Amex­ica: War Along the Bor­der­line

Pasatiempo - - In Other Words - by Ed Vul­liamy, Far­rar, Straus and Giroux, 320 pages

Read­ing this book in the con­text of news cov­er­age of Mex­ico’s bloody drug wars could scare a reader into can­cel­ing travel plans that in­volve pen­e­trat­ing what author Ed Vul­liamy calls Amex­ica, the 2,100mile-long, 50-mile-wide no-man’s land shared by the United States and Mex­ico — a place where ev­ery day is the day of the dead.

Fear and loathing are nat­u­ral re­ac­tions to learn­ing that Ciudad Juárez is the “world’s most mur­der­ous city,” with a 2009 rate of 192 homi­cides per 100,000 res­i­dents, ac­cord­ing to Vul­liamy, a one-time cor­re­spon­dent for two English news­pa­pers,

The Ob­server and The Guardian. But Vul­liamy goes way past the num­bers to of­fer a de­tailed, even lov­ing, street-level por­trait of this fron­tier where 16,000 peo­ple have died since Mex­i­can pres­i­dent Felipe Calderón de­clared war on the car­tels in De­cem­ber 2006. “Be­cause of the flood tide of nar­cotics run­ning through and along it, Amex­ica is a bat­tle­field, but a bat­tle­field wrapped in ev­ery­day life,” he writes. “And for all its in­qui­etude, the border is ev­ery bit as charis­matic, com­plex, and ir­re­sistible as it is fear­ful and ter­ri­fy­ing.”

Vul­liamy of­fers a de­tailed his­tory of drug car­tels in Mex­ico, be­gin­ning in the 1930s. But the more re­cent uptick in vi­o­lence — in which mu­ti­lated vic­tims aren’t “dis­ap­peared” but brazenly dis­played in pub­lic places — is a war by Mex­i­cans on Mex­i­cans — not a true civil war but close enough. “When things be­come bloody in the world of narco traf­fick­ing, and the peace is blown apart,” he writes, “this means power is shift­ing, dis­in­te­grat­ing, or re­sist­ing dis­in­te­gra­tion.”

The war has added new words to the Span­ish lan­guage, in­clud­ing fem­i­ni­cidio, the mass slaugh­ter of women. An­thro­pol­o­gist and Uni­ver­sity of Texas pro­fes­sor Cecilia Ballí has stud­ied this epi­demic of vi­o­lence against women, which re­sulted in the bru­tal mur­ders of 340 women and the dis­ap­pear­ance of an­other 180 be­tween 1992 and 2001. “Be­fore, the vi­o­lence in Juárez was merely func­tional, but now it’s of­ten meant to pub­licly dis­play a spe­cific kind of mas­culin­ity and to re­assert that male power at a time when the tra­di­tional forms of mas­culin­ity along the border are un­der threat,” she says.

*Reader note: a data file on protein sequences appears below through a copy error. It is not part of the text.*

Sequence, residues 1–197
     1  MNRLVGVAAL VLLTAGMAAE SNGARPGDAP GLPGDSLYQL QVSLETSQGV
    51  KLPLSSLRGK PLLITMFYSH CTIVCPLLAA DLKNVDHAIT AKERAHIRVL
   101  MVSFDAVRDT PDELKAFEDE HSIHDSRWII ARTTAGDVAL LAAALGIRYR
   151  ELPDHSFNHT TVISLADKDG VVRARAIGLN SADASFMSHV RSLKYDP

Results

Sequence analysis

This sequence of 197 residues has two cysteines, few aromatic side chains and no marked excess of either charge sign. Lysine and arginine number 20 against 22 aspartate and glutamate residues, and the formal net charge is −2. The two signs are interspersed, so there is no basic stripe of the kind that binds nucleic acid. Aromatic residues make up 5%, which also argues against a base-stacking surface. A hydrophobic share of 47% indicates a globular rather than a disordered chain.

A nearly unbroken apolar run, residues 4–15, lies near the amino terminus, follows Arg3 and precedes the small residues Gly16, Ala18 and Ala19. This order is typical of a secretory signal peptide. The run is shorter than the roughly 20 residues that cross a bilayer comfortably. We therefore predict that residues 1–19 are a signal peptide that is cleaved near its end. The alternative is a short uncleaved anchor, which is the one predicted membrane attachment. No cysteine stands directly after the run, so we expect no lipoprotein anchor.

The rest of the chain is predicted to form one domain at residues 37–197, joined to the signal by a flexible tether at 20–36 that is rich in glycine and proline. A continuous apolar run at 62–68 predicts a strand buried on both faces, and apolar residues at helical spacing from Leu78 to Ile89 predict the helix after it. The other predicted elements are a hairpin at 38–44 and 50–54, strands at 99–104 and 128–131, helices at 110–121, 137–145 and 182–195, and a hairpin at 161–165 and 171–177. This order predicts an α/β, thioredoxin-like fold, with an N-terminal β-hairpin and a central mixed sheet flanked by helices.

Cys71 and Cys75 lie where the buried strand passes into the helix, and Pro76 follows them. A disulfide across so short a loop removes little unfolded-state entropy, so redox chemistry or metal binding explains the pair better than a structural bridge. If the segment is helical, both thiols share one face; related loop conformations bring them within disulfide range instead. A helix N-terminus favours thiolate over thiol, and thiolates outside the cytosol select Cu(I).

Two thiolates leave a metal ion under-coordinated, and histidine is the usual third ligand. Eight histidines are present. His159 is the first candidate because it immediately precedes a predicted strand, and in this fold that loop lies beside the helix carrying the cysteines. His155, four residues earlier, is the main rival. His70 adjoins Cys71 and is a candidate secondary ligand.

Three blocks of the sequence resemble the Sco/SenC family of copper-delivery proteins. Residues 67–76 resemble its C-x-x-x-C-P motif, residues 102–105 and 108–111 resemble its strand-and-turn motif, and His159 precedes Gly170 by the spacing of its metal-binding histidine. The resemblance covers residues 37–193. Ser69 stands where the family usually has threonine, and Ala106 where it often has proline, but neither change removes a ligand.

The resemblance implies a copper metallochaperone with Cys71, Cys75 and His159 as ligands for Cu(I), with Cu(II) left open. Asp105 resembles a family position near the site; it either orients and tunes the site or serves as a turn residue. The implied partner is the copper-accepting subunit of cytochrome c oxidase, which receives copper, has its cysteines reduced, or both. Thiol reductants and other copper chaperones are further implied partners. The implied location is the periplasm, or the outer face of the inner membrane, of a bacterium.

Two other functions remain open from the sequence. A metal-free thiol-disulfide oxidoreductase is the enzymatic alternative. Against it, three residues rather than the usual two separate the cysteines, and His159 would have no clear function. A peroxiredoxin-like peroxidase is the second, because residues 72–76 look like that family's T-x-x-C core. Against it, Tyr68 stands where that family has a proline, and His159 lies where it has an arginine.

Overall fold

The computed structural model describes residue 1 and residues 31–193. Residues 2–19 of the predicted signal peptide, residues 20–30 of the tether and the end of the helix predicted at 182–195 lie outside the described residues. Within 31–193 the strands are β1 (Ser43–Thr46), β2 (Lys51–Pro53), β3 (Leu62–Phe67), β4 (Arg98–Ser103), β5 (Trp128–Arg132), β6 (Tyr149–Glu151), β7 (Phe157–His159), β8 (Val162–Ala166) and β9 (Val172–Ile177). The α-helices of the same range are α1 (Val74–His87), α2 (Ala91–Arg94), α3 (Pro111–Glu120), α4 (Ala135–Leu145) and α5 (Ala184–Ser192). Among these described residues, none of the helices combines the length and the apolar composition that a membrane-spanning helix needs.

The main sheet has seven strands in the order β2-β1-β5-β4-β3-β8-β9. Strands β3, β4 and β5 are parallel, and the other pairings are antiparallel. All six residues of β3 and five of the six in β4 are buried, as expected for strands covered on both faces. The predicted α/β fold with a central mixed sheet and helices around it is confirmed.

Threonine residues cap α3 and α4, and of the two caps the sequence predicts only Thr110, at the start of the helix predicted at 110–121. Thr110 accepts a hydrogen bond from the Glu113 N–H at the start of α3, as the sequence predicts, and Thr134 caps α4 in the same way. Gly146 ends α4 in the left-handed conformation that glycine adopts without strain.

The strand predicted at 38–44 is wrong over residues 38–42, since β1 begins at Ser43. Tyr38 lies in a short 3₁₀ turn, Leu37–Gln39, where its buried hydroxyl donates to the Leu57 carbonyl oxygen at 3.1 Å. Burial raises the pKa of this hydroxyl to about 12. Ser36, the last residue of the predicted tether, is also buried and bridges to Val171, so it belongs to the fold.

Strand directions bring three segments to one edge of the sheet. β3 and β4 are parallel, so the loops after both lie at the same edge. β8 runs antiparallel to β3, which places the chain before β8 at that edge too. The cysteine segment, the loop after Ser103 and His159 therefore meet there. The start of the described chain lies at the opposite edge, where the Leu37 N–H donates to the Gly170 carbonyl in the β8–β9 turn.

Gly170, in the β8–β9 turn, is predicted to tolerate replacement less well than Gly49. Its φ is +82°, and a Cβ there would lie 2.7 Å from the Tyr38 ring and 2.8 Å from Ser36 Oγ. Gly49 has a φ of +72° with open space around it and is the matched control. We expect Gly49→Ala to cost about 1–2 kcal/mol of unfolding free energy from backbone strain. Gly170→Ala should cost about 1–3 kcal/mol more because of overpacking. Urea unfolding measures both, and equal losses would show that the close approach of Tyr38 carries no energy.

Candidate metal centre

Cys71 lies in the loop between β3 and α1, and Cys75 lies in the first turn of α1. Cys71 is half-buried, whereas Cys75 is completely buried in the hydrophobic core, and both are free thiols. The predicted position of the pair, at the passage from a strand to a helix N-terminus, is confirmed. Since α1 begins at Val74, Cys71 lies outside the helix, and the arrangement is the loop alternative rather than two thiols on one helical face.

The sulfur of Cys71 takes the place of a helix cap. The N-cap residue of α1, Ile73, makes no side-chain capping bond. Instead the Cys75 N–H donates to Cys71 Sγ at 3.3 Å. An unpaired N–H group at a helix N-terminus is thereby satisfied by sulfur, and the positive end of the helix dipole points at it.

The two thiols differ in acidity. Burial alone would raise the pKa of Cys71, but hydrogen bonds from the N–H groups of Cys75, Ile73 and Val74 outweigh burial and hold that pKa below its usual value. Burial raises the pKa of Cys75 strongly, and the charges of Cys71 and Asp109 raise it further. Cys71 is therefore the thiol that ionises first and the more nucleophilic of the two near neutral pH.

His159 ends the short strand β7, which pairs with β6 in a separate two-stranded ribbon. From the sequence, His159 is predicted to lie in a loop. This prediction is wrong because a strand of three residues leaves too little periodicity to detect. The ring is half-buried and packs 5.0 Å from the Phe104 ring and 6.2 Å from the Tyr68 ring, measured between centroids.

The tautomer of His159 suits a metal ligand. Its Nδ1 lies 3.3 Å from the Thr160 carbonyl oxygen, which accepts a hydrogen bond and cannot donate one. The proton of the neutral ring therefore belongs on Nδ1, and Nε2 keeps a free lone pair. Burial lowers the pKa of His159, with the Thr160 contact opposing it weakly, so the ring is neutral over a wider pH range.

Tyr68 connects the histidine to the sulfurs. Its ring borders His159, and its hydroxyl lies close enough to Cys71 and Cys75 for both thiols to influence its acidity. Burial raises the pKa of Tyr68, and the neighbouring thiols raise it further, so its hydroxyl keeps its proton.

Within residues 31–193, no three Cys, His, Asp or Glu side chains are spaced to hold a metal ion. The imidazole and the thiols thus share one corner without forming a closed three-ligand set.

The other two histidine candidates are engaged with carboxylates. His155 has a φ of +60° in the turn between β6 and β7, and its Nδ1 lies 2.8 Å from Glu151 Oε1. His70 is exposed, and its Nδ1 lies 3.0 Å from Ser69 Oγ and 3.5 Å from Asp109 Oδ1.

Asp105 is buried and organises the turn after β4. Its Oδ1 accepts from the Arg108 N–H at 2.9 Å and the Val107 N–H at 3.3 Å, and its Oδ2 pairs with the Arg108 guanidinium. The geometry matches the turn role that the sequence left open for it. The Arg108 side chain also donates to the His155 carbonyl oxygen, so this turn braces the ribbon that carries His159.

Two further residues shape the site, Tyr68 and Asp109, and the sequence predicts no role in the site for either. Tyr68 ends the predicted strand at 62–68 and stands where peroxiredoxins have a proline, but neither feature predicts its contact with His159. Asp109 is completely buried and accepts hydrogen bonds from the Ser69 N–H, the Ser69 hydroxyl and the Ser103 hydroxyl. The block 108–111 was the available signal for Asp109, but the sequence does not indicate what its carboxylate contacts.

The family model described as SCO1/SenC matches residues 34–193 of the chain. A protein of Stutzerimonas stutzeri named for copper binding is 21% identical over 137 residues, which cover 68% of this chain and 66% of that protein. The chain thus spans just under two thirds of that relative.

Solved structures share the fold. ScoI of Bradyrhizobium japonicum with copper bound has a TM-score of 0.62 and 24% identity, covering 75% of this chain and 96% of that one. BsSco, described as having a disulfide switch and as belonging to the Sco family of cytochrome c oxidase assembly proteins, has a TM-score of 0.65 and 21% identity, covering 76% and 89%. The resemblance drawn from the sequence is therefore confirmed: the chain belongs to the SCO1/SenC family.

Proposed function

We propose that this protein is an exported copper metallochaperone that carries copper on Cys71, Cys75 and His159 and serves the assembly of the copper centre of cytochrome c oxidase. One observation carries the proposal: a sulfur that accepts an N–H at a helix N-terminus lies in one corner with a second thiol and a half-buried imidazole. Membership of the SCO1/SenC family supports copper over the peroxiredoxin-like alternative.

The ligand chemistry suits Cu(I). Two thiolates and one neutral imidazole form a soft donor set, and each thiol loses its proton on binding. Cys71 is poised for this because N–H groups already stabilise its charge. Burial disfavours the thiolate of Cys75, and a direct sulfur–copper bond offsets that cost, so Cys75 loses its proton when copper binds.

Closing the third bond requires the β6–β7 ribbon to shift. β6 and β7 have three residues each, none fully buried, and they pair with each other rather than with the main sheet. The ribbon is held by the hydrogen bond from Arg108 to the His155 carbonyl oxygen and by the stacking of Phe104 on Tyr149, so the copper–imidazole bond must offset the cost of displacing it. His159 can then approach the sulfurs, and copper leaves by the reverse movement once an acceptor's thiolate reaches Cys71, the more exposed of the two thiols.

Es­ther Chávez Cano, who opened Casa Amiga in Juárez in 1999 to help vic­tims of sex­ual and do­mes­tic abuse, elab­o­rates: men were threat­ened that women eas­ily found work at the thou­sands of maquilado­ras along the border be­tween Ti­juana and Mata­moros. “Men found them­selves no longer the bread­win­ners,” she writes. “With mid­dle-aged men un­em­ploy­able in Juárez, this cre­ated frus­tra­tion, a back­lash against women ex­hibit­ing in­de­pen­dence for the first time.”

But fem­i­ni­cidio is only one facet of the vi­o­lence. Vul­liamy delves into the baf­fling mass mur­ders of ad­dicts at Juárez’s many drug re­hab cen­ters and of­fers three the­o­ries: the car­tels are elim­i­nat­ing peo­ple who once worked for their ri­vals; the car­tels are elim­i­nat­ing their own for­mer op­er­a­tives; and the Mex­i­can army is purg­ing so­ci­ety of drug ad­dicts, crim­i­nals, and other “un­de­sire­ables.” Given the com­plex­ity of life in Amex­ica, it might be all of the above.

Pres­i­dent Barack Obama has fi­nally ac­knowl­edged that Amer­ica shares re­spon­si­bil­ity for the vi­o­lence at our south­ern border. It is Amer­ica’s ap­petite for drugs and cheap la­bor that fu­els drug and hu­man traf­fick­ing; it is Amer­ica that each year sends the car­tels bil­lions of dol­lars in cash and un­told quan­ti­ties of rocket-pro­pelled grenades and other high-cal­iber mil­i­tary hard­ware. The narco vi­o­lence, Vul­liamy writes, is not a byprod­uct of Mex­ico’s tran­si­tion to a mar­ket econ­omy; rather, it is a log­i­cal ex­ten­sion of the prin­ci­ples of multi­na­tional cap­i­tal­ism.

Dr. Hi­ram Muñoz, who con­ducts au­top­sies in Ti­juana, echoes that eco­nomic anal­y­sis. “The nar­co­traf­fi­cante is the most global of all global busi­ness­men, and now he must make you loyal or afraid,” Muñoz says. “And he must do these pub­lic ex­e­cu­tions in­volv­ing mu­ti­la­tion as a demon­stra­tion of power.” These bru­tal dis­plays re­mind Muñoz of the tor­ture and pub­lic ex­e­cu­tions that char­ac­ter­ized the down­fall of many great cul­tures.

To his credit and a reader’s re­lief, Vul­liamy of­fers some hope amid the horror. We meet peo­ple of in­cred­i­ble courage who are push­ing back against the per­va­sive law­less­ness that in­fects all lev­els of Mex­i­can so­ci­ety: priests who risk their lives to help re­cov­er­ing ad­dicts, moth­ers who press cor­rupt po­lice and pub­lic of­fi­cials to solve their daugh­ters’ mur­ders.

The author, how­ever, needed a stronger ed­i­to­rial hand. He has a jar­ring habit of re­peat­edly switch­ing nar­ra­tive voice from sec­ond per­son to first per­son, and poor or­ga­ni­za­tion and repet­i­tive­ness make the story hard to fol­low in places. I wanted to hear the voices of Amex­i­cans, not the author’s re­flec­tion on the view from the La Quinta in El Paso.

De­spite these short­com­ings, time spent read­ing this book and un­der­stand­ing the com­plex, rich, and dan­ger­ous cul­ture of the bor­der­lands won’t be wasted. The pain is pal­pa­ble, the mis­ery heart-wrench­ing.

— Sandy Nel­son

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